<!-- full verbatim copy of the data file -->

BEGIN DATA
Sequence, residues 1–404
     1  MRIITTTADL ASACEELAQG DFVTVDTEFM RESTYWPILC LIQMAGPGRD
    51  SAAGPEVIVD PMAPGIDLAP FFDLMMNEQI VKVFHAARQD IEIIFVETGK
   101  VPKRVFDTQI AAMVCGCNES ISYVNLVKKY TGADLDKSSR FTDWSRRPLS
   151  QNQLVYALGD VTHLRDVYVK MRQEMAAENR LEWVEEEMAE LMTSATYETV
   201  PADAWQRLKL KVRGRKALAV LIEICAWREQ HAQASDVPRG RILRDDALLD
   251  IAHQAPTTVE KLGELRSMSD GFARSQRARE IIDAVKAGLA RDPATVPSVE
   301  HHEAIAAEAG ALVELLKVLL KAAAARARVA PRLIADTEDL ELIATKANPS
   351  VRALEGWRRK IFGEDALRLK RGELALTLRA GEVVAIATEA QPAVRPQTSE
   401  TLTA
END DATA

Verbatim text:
Sequence, residues 1–404
     1  MRIITTTADL ASACEELAQG DFVTVDTEFM RESTYWPILC LIQMAGPGRD
    51  SAAGPEVIVD PMAPGIDLAP FFDLMMNEQI VKVFHAARQD IEIIFVETGK
   101  VPKRVFDTQI AAMVCGCNES ISYVNLVKKY TGADLDKSSR FTDWSRRPLS
   151  QNQLVYALGD VTHLRDVYVK MRQEMAAENR LEWVEEEMAE LMTSATYETV
   201  PADAWQRLKL KVRGRKALAV LIEICAWREQ HAQASDVPRG RILRDDALLD
   251  IAHQAPTTVE KLGELRSMSD GFARSQRARE IIDAVKAGLA RDPATVPSVE
   301  HHEAIAAEAG ALVELLKVLL KAAAARARVA PRLIADTEDL ELIATKANPS
   351  VRALEGWRRK IFGEDALRLK RGELALTLRA GEVVAIATEA QPAVRPQTSE
   401  TLTA